Traditionally, some of the most sought after work benefits were for the commute. Season tickets for the train helped many of us get into cities like London for a 9-to-5 shift. Similarly, cycle schemes, where your employer stumped up the money for a new bike that you paid back in monthly instalments, were highly desirable in a job offer. However, many of us have almost forgotten what the commute was like after a year of working from home and quite a few want to keep it that way. Indeed, some 90% of British people want to continue working remotely after the pandemic, according to a report from Cardiff and Southampton Universities, released in August 2020. This has led a number of businesses to either offer remote working as a permanent option or include it in a ‘hybrid’ work strategy that mixes both in-office and remote work. A big appeal of remote work is that it can help employees find a more suitable balance between work and life. This has now become a greater priority than salary when looking for a new job, according to recruitment firm Randstad. The organisation surveyed 9,000 UK workers and found that 65% felt that a more desirable work-life balance was the most important factor when choosing a new employer - above both salary and job security. “In some respects, the profound changes in many people’s jobs has clearly brought the benefits of flexible working to the surface. Our data suggests there are two groups of workers who want to see a more balanced lifestyle here,” says Randstad’s UK CEO Victoria Short. "For many, remote working has increased the number of hours they are connected to their employers, reflecting the need for better lifestyle balance. At the same time, some have benefitted from working at home by being able to carry out tasks or juggle personal responsibilities around a more flexible work schedule." Additionally, good training came up as the fourth most desirable work benefit, with 58% of the respondents citing it as an important factor in job applications. Learning and developing new skills are, of course, linked to career progression, but they can also work in favour of the employer and boost morale.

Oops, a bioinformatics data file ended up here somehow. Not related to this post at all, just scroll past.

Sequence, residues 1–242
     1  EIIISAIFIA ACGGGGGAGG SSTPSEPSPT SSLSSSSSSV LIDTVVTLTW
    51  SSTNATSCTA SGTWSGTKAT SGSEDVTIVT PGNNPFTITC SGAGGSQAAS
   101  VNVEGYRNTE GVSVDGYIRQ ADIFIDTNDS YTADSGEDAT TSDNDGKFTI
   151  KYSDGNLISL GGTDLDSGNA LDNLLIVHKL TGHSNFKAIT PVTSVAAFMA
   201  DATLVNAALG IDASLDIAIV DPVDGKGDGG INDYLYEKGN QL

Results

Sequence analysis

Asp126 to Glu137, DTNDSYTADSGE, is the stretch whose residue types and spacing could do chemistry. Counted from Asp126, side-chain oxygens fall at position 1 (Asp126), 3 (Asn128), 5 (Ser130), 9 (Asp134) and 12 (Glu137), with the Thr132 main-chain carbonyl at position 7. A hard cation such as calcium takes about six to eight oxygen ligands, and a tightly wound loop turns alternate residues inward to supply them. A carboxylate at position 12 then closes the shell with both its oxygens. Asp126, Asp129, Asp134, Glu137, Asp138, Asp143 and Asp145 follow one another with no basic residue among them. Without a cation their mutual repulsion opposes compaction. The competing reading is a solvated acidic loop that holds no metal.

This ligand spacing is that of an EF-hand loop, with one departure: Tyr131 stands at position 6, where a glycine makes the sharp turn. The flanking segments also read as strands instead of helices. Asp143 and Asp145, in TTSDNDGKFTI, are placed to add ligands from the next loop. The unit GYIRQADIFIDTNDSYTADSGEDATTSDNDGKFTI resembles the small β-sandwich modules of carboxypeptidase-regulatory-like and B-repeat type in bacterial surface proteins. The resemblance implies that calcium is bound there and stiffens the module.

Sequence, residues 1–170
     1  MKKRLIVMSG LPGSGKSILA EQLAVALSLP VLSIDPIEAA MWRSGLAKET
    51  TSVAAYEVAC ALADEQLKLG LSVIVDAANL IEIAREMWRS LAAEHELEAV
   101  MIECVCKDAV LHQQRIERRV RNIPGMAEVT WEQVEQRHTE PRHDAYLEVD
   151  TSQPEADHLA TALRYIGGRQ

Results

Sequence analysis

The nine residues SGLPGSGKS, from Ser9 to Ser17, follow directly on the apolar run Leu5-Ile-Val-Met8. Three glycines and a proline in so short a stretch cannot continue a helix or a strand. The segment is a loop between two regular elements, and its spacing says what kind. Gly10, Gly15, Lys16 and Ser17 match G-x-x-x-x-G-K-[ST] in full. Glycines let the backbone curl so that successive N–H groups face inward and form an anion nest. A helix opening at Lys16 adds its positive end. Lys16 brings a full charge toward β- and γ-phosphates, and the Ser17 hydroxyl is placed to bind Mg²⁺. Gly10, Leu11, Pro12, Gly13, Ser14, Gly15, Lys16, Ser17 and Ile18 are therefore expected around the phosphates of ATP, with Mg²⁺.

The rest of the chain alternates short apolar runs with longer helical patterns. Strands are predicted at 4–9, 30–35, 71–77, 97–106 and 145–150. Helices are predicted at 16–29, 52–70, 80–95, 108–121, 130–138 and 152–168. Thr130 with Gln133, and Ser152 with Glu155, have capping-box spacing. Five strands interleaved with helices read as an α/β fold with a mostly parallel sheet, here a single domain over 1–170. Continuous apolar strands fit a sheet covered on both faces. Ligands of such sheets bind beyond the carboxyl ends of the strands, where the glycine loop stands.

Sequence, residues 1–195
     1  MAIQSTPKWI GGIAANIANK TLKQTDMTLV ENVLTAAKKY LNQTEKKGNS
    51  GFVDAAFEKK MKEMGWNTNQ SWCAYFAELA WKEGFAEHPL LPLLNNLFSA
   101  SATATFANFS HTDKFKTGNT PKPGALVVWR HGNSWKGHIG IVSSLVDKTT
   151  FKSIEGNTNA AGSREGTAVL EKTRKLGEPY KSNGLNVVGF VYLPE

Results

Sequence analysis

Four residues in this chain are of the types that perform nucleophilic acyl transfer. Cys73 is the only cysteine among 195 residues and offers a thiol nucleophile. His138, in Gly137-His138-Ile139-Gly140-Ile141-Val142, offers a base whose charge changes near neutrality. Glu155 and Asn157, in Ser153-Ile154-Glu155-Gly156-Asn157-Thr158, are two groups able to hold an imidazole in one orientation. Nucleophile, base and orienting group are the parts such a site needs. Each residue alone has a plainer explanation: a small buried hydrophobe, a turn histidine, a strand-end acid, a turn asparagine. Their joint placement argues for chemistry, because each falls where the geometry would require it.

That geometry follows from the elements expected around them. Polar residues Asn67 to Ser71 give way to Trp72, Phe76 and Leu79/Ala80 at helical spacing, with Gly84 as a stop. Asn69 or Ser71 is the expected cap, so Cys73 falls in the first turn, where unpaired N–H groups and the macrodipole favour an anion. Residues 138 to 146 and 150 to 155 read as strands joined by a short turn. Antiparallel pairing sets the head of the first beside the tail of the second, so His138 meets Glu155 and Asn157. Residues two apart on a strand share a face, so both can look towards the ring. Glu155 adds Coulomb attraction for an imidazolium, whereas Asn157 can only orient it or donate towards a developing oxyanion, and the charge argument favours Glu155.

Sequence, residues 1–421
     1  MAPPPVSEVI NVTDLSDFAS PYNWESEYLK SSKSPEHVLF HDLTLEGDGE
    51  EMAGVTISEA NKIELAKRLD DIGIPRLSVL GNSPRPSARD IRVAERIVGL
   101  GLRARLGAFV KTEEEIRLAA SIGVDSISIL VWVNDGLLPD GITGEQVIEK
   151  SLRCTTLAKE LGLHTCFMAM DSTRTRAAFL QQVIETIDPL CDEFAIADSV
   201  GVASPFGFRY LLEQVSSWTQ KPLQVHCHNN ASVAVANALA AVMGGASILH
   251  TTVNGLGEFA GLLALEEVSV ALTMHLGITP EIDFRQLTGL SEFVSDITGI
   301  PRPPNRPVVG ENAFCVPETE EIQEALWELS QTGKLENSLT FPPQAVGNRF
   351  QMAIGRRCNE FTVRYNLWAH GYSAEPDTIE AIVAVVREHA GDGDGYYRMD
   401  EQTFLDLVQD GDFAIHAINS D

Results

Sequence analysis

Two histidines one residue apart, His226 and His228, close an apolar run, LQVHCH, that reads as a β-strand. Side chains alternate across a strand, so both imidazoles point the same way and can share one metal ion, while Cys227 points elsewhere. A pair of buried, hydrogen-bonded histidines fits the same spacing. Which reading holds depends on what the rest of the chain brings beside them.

On the subject of morale, the mass shift to remote work has also created a national feeling of isolation, which in turn has driven some important discussions about mental health into boardrooms. Employees are now more acutely aware of work-related stress and burnout. This has led to some companies offering meditation or relaxation benefits, such as apps or even virtual yoga classes, to give their employees mental support. The Headspace app, in particular, has proved very popular with employers. In October last year, the firm told CNN that it had seen a more than 500% increase in interest over the course of the pandemic. Benefits that help to focus staff or calm their anxieties - or even help them get a good night's sleep - have great appeal for job applicants. But, from an employer's perspective, employees that feel well also do well at work, according to Tapping. “The conversation on employee wellbeing has shifted from it being ‘nice-to-have’ to being an essential part of any employment offer,” she says. “As well as benefits to help staff maintain their health, like OnDemand GP and Employee Assistance Programmes, many employers now offer proactive wellbeing measures that place emphasis on exercise, sleep, healthy food and stress reduction. These can all have a significant impact on employee health and retention.”